Delaying reparations to save money and dehumanising your renters … Adam Forrest becomes a virtual proprietor and memorizes some interesting and depressing lessons
Building my first high-rise tower wasnt difficult and challenging. I shed up some studio apartments, robbed them up with capability and phone lines, arranged for a rubbish accumulation, and greeted my first renters. I jam-pack the person or persons in, stacked the human rights unit, and the profits soon began to heap up nicely.
Its fun being a virtual proprietor. Ive been playing Project Highrise, a PC and Mac real estate handling pretending, since the games release in September. It generates cash-strapped renters like me a chance to gratify the wild fantasy of owning property. It also offers members of Generation Rent some insight into how real-world landlords and largest developers actually do business.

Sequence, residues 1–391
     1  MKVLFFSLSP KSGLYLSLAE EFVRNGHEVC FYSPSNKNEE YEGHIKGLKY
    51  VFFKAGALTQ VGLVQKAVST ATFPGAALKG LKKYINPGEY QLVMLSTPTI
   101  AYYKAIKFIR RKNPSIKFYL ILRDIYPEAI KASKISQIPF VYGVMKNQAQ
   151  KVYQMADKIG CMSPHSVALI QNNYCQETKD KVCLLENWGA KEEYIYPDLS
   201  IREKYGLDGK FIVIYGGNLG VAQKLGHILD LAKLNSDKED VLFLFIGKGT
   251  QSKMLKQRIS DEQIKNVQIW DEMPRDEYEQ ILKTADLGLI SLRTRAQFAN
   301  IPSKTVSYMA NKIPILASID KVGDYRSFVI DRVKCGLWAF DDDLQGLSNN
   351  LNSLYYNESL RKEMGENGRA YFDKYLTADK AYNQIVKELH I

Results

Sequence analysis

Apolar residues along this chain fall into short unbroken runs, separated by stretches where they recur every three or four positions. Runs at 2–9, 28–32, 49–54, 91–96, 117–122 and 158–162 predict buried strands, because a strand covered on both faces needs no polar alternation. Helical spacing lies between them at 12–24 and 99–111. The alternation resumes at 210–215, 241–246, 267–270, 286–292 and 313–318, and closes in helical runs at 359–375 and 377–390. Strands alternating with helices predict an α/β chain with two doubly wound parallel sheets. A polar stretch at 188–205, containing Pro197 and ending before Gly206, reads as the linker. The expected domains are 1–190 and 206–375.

Despite its cutesy illusion, video games is surprisingly detailed and utterly unsentimental. You begin the game by managing the costs of building infrastructure, and trying to avoid taking on too much bank debt before your holders can provide a steady revenue stream. Before too long, youre hiring consultancy firms to hallway city hall for a metro station and wished to know whether prestige artwork in the hallway might attract higher-paying residents.
In becoming a digital Donald Trump, I learned some fascinating, if slightly depressing readings. For one thing, its costly to lose renters. You dont require a daytime to go by without any payment; and you dont want to have to reach into your pocket to refurbish an empty flat to make it rentable again. So its best to continue all current tenants joyous, if you can. But fixing up occupied plains that have revolved grimy is also expensive, it was therefore worth trying to hold out as long as possible without doing repairs.
Read more: www.theguardian.com